Advertising is an ancient art.
In the Babylonian seaports, merchants hired barkers to announce the arrival of wine, spices, and fabrics.
Citizens in Greece hung “Lost” posters in hopes of being reunited with children, jewelry, or slaves.
And elaborately painted signs (billboards) sprung up throughout Pompeii to announce plays, carnivals, and races.
In this Post
- 1 Same as it ever was
- 2 Why you should care about advertising history
- 3 1. Decide the effect you want to produce in your reader — Robert Collier
- 4 2. Show your product in use — Victor Schwab
- 5 3. Open like a Reader’s Digest article — John Caples
- 6 4. Tap into one overwhelming desire — Eugene Schwartz
- 7 5. Make the advertiser the character — Maxwell Sackheim
- 8 Share this:
Same as it ever was
The first printed advertisement in English was a 3-by-5 inch handbill that offered a prayer book for sale. The year was 1477.
But it wasn’t until the middle of the 1800s that advertising came into its own. As the profession evolved the positions emerged to meet the demand:
- Advertising agent
- Commercial illustrator
- Account executive
And it was the copywriter who would come to dominate the field.
Commenting on the ads of the Roaring Twenties, Sivulka says, “It was obvious that the copywriter was the most prominent member of the advertising team since illustrations and photography seem almost interchangeable.”
Why you should care about advertising history
You should study advertising history for the same reasons you would study military history, political history, or economic history.
You’ll learn critical ideas like:
- How to understand and guide the never-changing human psyche
- The marketing fundamentals you forgot
- Fresh publicity insights you never thought possible
- Ways to make testing decisions that will save you time and money
- The wrong ways to organize a campaign
- Unusual copywriting tactics that still work
- And straightforward, strategic thinking of proven marketing directors
1. Decide the effect you want to produce in your reader — Robert Collier
Depending on what circles you run in — self-help or direct-mail copywriting — you’ll likely remember the name Robert Collier (1885 – 1950).
But he’s probably best known for his 1926 book The Secret of the Ages.
This book sold more than 300,000 copies during his lifetime. His focus was on abundance, desire, faith, visualization, and becoming your best. He’s a legend in that field.
He’s also a legend in another:
What was his secret to so many successful sales letters?
Before you put pen to paper, before you ring for your stenographer, decide in your own mind what effect you want to produce on your reader — what feeling you must arouse in him.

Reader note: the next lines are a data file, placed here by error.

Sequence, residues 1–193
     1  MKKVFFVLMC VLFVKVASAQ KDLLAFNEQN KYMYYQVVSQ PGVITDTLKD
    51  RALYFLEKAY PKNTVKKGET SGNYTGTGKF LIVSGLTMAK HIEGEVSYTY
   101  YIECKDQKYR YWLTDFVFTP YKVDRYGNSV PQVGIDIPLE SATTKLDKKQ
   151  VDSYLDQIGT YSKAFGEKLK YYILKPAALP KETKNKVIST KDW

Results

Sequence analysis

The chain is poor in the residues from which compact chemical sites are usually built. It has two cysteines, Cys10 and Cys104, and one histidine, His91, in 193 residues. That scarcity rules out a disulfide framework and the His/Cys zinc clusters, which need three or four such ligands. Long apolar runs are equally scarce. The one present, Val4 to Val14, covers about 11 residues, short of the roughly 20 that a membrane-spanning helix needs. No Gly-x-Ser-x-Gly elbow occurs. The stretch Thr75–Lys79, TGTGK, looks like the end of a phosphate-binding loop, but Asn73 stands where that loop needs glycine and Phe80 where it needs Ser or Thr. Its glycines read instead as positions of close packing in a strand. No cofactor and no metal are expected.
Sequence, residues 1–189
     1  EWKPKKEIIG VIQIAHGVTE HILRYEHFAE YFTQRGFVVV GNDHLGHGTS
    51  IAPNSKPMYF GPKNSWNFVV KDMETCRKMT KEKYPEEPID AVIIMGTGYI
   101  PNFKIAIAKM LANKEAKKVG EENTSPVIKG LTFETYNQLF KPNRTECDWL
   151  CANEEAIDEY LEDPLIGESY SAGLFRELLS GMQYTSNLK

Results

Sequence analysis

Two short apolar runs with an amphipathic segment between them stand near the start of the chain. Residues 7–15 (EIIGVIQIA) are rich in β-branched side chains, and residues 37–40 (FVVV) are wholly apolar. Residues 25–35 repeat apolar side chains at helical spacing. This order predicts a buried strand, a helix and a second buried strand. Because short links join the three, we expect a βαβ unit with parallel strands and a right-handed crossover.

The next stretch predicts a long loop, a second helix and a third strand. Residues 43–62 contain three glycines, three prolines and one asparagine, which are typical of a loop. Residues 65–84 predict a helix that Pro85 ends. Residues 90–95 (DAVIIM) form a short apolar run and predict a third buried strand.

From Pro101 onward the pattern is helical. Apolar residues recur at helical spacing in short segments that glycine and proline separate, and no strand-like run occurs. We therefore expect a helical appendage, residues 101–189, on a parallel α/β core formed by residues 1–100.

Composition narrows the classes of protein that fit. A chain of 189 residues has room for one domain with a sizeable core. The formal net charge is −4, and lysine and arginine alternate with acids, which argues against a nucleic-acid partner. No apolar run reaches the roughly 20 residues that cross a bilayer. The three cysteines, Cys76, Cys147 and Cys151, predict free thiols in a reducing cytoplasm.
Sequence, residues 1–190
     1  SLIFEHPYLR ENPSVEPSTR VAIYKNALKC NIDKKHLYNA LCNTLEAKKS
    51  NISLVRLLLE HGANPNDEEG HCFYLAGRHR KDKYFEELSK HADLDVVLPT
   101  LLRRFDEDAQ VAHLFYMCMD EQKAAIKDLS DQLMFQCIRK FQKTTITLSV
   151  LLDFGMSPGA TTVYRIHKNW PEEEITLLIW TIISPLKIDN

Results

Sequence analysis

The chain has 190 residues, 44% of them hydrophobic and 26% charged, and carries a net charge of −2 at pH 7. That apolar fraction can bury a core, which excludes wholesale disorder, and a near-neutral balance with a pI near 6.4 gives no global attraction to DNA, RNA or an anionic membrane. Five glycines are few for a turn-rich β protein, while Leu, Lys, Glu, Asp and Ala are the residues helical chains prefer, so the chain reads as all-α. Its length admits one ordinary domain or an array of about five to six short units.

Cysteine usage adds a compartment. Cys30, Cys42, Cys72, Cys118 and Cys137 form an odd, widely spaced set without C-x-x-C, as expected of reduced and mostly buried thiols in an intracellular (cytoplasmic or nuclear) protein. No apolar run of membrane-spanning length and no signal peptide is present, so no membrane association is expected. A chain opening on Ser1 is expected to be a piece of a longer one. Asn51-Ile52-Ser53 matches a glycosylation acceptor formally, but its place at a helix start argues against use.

~ Robert Collier
Once you’ve decided upon the emotion, then write in such a way that brings that feeling to the surface.
2. Show your product in use — Victor Schwab
Victor Schwab (1898 – 1980) started out as a secretary for Maxwell Sackheim when Sackheim was at Rathrauff & Ryan’s. He did such a good job improving Sackheim’s copy that he was promoted to copywriter. From there he went on to be “the greatest mail-order copywriter of all time.”
It has also been demonstrated that, when picturing the product in your advertisement, you will get more attention by showing it in use: doing something, accomplishing something for the reader. That, as W. S. Townsend said, “makes it live and breathe and serve right in front of the eyes of the prospect.”
~ Victor Schwab
The Great Depression was hard on ad agencies. Except for those agencies that “got” advertising.Before the Depression, it was looked down on as a hard-sell mail-order shop with layouts that mimicked tabloids and boldly warned the world of sensitive issues (body odor, for example) in soap ads.
John Caples (1900 – 1990) learned and perfected results-oriented mail-order copy at Ruthrauff & Ryan. It was there that the account from the U.S. School of Music was put on his desk … a company selling a correspondence course on piano playing.
One of the early lessons I learned from that book was how to open a sales letter. He says to study the Reader’s Digest. What do you see when you do that?
- They are fact-packed
- They are telegraphic
- They are specific
- There are few adjectives
- They arouse curiosity
This is not unlike opening a blog post, where:
- Your opening sentence should be short — even as short as one word
- The wrong quote can repel readers
- A great story begins in the chaotic middle
- You borrow liberally from your swipe file
In Caples’ famous headline, you see these elements playing out.
A favorable, specific image is projected, which teases.
4. Tap into one overwhelming desire — Eugene Schwartz
Mr. Schwartz (1927 – 1995) was not only a successful direct-mail copywriter — launching careers and corporations with headlines like “Give Me 15 Minutes and I’ll Give You a Super-Power Memory” — but he also channeled his experience and wisdom in books, including the legendary Breakthrough Advertising.
As Schwartz said:
Tap a single overwhelming desire existing in the hearts of thousands of people who are actively seeking to satisfy it at this very moment.
~ Eugene Schwartz
5. Make the advertiser the character — Maxwell Sackheim
Maxwell Sackheim (1890 – 1992) was born in Kovna, Russia. In 1915 he founded a New York advertising firm with business partner Harry Scherman. This was 1926.
Sackheim eventually sold his share in the club and worked with the Brown Fence and Wire Company during the war (eventually becoming president) before returning to advertising to start his own agency.
The ad ran for 40 years. Most businesses don’t last forty years. The success of this headline has been deconstructed thoroughly.
The way this played out in advertising was that his advertising letters would come from the mouth of the client.